19 Mar 2015

Ukraine conflict: why is the UK training Ukraine’s soldiers?

Britain has flown 35 military advisers to Ukraine to help fight pro-Russian separatists – with America set to follow suit. But what can the British army offer that Ukraine doesn’t have already?

Why has the UK sent troops to Ukraine?

With the worsening security situation in Ukraine, British military trainers have flown in to help those fighting pro-Russian rebels. The 35 soldiers are working alongside Ukrainian forces in Mykolaiv, in the south of the country and are expected to be there for the next two months.

In time that figure could rise to 75 with US troops set to follow suit. Their role is to sharpen the skills and capabilities of Ukraine’s fledgling army and try to inject some much-needed morale back into a force that have been on the defensive against pro-Russian forces for nearly a year.

There will also be an infantry element to the programme which the MoD says will include planning and execution of urban operations.

Why now?

While fighting has lessened since the February 12 ceasefire agreement, the situation has grown more concerning.

Ukrainian officials claim Russian separatists have attacked government positions more than 1,100 times since the latest ceasefire, killing more than 70 soldiers and scores of civilians.

The separatists claim Ukrainian forces have breached the ceasefire on multiple occasions.

Earlier this month more Russian tanks and heavy military crossed the Ukrainian border – US officials have reported – in addition to the 50 or so that did days before the Minsk ceasefire came into force.

Can the UK really help?

To a point. But the move is more symbolic than strategic. It signals to the Russians that President Putin’s aggression and efforts to weaken his neighbours will no longer be tolerated. It also signals to Moscow that Britain and the West will stand by Kiev’s government.

The Ministry of Defence insist that British involvement will be “non-lethal” providing assistance such as medical training, intelligence, logistics and crucial equipment such as night vision goggles, winter clothing and sleeping bags. But while useful, this is hardly likely to repel pro-Russian separatists.

Who is it the UK training?

That is the million Ruble question. Having been on the receiving end of Russian aggression for nearly a year, swathes of the Ukrainian army remain depleted and demoralised. Rather than the army it has been the hardline volunteer forces such as Ukraine’s Azov battalion that have been doing much of the frontline fighting.

But that is hardly ideal. There are fears that the volunteer forces have extreme political views with reports that many are neo-Nazis motivated to bring the “battle to Kiev” when the war is finally over.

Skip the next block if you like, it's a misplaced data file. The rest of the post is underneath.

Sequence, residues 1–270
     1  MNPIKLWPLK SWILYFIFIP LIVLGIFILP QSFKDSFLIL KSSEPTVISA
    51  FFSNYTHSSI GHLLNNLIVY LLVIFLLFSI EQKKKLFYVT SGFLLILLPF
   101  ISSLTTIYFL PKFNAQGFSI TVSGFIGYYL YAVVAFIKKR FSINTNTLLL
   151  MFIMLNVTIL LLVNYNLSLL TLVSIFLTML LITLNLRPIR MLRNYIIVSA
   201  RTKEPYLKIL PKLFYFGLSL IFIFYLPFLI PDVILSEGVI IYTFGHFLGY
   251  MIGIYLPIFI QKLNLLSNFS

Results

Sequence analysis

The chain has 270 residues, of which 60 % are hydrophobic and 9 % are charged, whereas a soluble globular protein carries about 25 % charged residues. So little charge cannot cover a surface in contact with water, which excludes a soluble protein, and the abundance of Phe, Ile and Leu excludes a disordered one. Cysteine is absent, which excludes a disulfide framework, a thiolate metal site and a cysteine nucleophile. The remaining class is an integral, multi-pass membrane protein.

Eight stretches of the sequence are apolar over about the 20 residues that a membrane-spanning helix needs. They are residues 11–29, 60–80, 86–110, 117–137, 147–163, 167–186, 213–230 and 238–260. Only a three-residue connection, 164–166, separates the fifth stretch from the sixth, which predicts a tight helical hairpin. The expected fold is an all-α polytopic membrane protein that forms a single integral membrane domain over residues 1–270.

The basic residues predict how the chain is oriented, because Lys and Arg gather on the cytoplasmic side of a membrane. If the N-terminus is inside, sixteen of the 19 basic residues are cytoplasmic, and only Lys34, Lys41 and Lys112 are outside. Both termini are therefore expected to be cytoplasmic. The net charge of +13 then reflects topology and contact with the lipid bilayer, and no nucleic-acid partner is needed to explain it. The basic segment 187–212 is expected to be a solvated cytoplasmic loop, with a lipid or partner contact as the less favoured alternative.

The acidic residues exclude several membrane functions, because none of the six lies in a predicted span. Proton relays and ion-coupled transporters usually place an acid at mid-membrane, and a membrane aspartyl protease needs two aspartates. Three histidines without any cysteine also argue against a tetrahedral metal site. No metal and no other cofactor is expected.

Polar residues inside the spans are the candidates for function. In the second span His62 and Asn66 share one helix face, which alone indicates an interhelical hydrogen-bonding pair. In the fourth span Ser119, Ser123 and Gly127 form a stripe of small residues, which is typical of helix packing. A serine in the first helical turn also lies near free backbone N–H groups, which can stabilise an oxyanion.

Read more: One year on: where are the far-right forces of Ukraine? 

A Ministry of Defence spokesman told Channel 4 News that UK involvement would only be with bona-fide members of Ukraine’s official army. That means assisting the Ukrainian Armed Forces and the National Guard.

What do UK troops know that Ukrainians do not?

Plenty. In guerrilla or hand-to-hand combat the Ukrainian army is probably adept at fighting their own battles. But the UK sees its role as giving the force a more professional shape and structure.

This means providing intelligence training to improve effectiveness between combat, or physical and mental health training so that soldiers can recover more quickly. It would also include covering and planning of urban operations – including camouflage, concealment and defensive manoueuvres.

It is hoped such expertise will inject some desperately needed morale into the army, with reports that some have been deserting in droves.

There are doubts over how effective the infantry is of an army that has been robbed and pillaged
Dr Andrew Foxall

But they will have their work cut out. Dr Andrew Foxall, director of the Russia Studies Centre at the Henry Jackson Society, told Channel 4 News that despite recent modernisation there is still “seriously worrying elements within Ukraine’s military structure and services”.

“Britain will be training an army that has been ravaged by corruption and mismanagement over the last 25 years,” he said. “While the army will doubtlessly benefit from certain training such as psychological rehabilitation there are doubts over how effective an infantry is of an army that has been robbed and pillaged of saleable assets.”

And of course you only have to look to Iraq and Afghanistan to see examples of what can happen should Western military training fall into the wrong hands.